No, The Open Man is not dedicating this space to Mean Girls — though I do love that movie. It’s one of the 10 best films of the 2000s, and ranks among my all-time favorite comedies. Come to think of it, Halloween provides a pivotal plot point in Mean Girls. Hmm…
Nah. While high school was indeed horrifying and traumatizing for many of us, Mean Girls doesn’t exactly fit The Open Man’s 31 Movies of Halloween countdown. Instead, I’m using this ocassion of three — Oct. 3 — and The Plastics trio to spotlight three horror films at once. Yes, that makes The Open Man’s 31 Movies more than 31, but think of it like that nephew Anfernee you keep calling Anthony.
Last Mean Girls reference, I swear.
OK. So let’s rewind to the silent film era and 1922. I have an affinity for silent movies that began in a rather strange way. Shortly after graduating college, I worked for CBS in a role that required odd hours and non-traditional days off. My weekend typically included Mondays, so I would often go out on Sunday nights. A bar in walking distance of my apartment changed its TVs from football once the NFL slate was completed to Turner Classic Movies, which dedicated its nighttime block on Sunday to silent films.
Silent movies were strangely ideal when going out with a handful of friends. I could easily follow storylines without hearing the audio, since … well … they’re silent.
I was aware of Nosferatu‘s existence prior to my interest in silent film, first as the result of a Spongebob Squarepants gag (seriously):
And later, the excellent 2000 film, Shadow of the Vampire.
Shadow of the Vampire is an underappreciated gem starring Willem Dafoe(!) and John Malkovich(!), which spins a horror story out of the production of a horror movie. It’s not a mockumentary in a style similar to Behind The Mask (another horror-genre standout you need to see), but rather, a fictionalized concept built from the rumors that the original film spawned.
These rumors stemmed from the bizarre behavior of actor Max Schreck, the German theater performer tabbed to play Nosferatu antagonist, Count Orlok.
Shadow of the Vampire relies on atmospheric tension to build its horror, rather than violence or shocking imagery. In that way, it’s a perfect homage to the 1922 film — something I did not fully appreciate until years later. I originally watched Shadow of the Vampire in 2002, but didn’t make time for Nosferatu until my interest in silent cinema was picked in 2009. I’d long dismissed silent movies as archaic, and believed there was no possible way a silent film could scare me.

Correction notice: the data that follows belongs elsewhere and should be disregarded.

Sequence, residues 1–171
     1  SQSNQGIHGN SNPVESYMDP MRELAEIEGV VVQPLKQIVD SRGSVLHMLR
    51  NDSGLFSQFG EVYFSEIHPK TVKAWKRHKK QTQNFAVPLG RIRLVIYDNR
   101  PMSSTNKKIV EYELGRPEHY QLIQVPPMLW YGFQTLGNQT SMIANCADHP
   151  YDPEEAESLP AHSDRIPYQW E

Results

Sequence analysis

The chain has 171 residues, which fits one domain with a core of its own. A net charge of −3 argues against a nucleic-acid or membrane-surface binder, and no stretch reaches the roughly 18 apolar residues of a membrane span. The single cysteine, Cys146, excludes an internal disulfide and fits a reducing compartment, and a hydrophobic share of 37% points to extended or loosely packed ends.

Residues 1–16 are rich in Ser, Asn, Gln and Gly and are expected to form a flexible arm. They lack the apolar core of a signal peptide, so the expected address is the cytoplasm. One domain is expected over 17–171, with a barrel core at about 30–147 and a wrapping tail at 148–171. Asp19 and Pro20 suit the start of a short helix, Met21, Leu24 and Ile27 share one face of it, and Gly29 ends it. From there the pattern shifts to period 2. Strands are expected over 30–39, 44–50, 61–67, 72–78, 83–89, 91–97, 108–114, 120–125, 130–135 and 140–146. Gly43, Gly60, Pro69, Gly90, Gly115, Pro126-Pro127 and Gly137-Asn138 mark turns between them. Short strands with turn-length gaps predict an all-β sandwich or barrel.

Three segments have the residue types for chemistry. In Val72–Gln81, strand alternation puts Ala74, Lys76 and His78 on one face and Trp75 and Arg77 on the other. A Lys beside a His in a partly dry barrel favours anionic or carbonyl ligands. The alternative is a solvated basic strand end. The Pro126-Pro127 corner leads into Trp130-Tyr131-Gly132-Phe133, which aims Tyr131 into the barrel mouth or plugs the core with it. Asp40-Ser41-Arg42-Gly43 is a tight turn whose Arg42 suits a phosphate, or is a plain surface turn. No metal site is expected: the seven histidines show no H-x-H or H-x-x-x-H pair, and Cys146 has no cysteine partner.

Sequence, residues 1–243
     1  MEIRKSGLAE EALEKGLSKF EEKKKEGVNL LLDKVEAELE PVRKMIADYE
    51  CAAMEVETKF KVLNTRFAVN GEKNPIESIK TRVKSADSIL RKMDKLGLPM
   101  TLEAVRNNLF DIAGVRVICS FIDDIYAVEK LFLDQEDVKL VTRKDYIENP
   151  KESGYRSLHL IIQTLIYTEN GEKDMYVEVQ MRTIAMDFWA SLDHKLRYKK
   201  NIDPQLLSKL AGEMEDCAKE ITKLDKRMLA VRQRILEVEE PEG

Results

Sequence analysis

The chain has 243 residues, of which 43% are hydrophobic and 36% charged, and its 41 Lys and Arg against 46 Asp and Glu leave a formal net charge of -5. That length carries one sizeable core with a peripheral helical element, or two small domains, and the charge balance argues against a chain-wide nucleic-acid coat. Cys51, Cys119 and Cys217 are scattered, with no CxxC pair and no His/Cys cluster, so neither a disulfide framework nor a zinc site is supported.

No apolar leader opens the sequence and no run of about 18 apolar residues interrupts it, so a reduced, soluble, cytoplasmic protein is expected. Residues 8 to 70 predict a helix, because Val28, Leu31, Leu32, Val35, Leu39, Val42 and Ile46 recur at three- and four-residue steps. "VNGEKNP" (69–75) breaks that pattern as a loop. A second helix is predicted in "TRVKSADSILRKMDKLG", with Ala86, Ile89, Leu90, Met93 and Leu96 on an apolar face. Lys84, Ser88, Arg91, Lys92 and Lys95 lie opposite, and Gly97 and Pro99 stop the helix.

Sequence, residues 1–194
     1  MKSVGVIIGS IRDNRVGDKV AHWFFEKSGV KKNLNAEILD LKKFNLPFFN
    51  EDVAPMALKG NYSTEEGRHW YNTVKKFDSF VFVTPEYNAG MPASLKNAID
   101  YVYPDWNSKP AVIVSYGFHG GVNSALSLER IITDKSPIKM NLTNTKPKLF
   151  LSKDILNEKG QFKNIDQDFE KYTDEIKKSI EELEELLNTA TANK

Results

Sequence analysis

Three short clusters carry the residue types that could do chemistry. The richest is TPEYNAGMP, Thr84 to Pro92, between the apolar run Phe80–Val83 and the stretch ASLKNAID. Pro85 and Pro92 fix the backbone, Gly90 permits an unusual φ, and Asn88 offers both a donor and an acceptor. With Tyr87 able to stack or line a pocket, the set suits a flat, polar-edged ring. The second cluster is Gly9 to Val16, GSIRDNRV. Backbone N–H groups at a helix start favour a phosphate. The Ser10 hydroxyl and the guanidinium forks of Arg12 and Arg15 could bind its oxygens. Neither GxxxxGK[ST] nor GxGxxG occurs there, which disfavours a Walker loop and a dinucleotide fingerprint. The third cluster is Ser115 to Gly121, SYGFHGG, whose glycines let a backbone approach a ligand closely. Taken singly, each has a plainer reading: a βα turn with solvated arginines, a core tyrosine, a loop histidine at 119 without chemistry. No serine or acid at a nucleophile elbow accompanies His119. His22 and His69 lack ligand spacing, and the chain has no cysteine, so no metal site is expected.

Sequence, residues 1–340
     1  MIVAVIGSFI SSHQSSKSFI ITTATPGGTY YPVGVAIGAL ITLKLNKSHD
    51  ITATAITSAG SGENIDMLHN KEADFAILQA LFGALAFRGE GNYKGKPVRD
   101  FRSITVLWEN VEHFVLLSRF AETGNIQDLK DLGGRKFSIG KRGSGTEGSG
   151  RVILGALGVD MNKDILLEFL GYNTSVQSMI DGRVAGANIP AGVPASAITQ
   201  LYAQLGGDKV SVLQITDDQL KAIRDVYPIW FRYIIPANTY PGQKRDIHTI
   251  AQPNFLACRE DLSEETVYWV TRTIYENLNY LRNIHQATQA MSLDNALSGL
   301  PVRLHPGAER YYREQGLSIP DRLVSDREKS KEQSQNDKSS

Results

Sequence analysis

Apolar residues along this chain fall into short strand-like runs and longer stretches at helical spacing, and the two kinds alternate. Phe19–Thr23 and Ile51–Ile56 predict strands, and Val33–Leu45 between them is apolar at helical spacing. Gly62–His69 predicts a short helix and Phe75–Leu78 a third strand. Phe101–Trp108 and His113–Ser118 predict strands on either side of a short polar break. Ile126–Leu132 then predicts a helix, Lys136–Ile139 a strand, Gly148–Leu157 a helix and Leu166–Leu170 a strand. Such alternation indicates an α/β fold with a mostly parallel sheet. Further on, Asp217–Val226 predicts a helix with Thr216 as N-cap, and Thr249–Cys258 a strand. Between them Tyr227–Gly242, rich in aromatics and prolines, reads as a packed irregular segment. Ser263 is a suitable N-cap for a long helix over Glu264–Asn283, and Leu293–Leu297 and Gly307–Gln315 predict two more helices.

Wow, was I wrong. Nosferatu is a genuinely terrifying work. The film is predictably light on graphic violence; though the Hays Code was not instituted for another 12 years after Nosferatu‘s production, this wasn’t exactly an era in which depictions of gore would play with audiences. To wit, the relatively tame Freaks, released 10 years after Nosferatu, caused a serious stir with its ending.
Rather, Nosferatu invokes fear through the brilliant cinematography of director F.W. Murnau. Murnau’s framing of certain shots, with Schreck’s creepy, direct-to-camera takes, send a chill up your spine. To that end, the filmmaker’s inability to gain licensing for the character of Dracula actually works to the movie’s benefit.
Indeed, Nosferatu is the first film adaptation of the Bram Stoker novel from 1897. An out-of-print 1913 film predates Murnau’s production, but that’s the eponymous film version of a Rudyard Kipling poem. Producer Albin Grau sought to finance his own vampire film three years later, wanting to adapt Dracula. This website offers a fascinating account of the copyright battle.
Once Dracula hit the big screen in 1931, the iconic Universal Studios version spawned countless sequels and remakes. Bela Lugosi’s performance is iconic, and set the standard successors like Christopher Lee and, to an extent, Chris Sarandon, followed: that of an intriguing and seductive manipulator.
That Nosferatu failed to acquire the rights to the Dracula story gave birth to a wholly unique, and thus more frightening character. Count Orlok’s ugly appearance adds to the character’s creepiness. He is depicted without any of the sexualized intrigue commonly associated with vampires today. Rather, he’s a manifestation of plague. His introduction in the film makes allusions to the Black Death, with mentions of rats and disease.
Perhaps ironically, Murnau managed to create a villain that is actually more iconic than Dracula. Whereas others put their spin on the character, Count Orlok has never been remade in the almost 100 years since the film’s release. Shadow of the Vampire used Orlok as a vehicle for Max Schreck as its antagonist. Meanwhile, the 1979 remake of Nosferatu — the Klaus Kinski-starred, Warner Herzog-directed Nosferatu The Vampyre — uses the Orlok makeup … for Count Dracula.
It is indeed a Nosferatu, and an excellent film you should check out this Halloween season. But its vampire is Dracula, not Orlok.
All three films come highly recommended, and the original can be seen for free on YouTube. I advise against watching it sitting at your workplace desk, however. Nosferatu‘s best watched on your TV with all other lights turned off to enhance the dark, atmospheric tone. Turn up the volume, too: It’s a silent movie, but many version include Gothic music that provide the perfect soundtrack.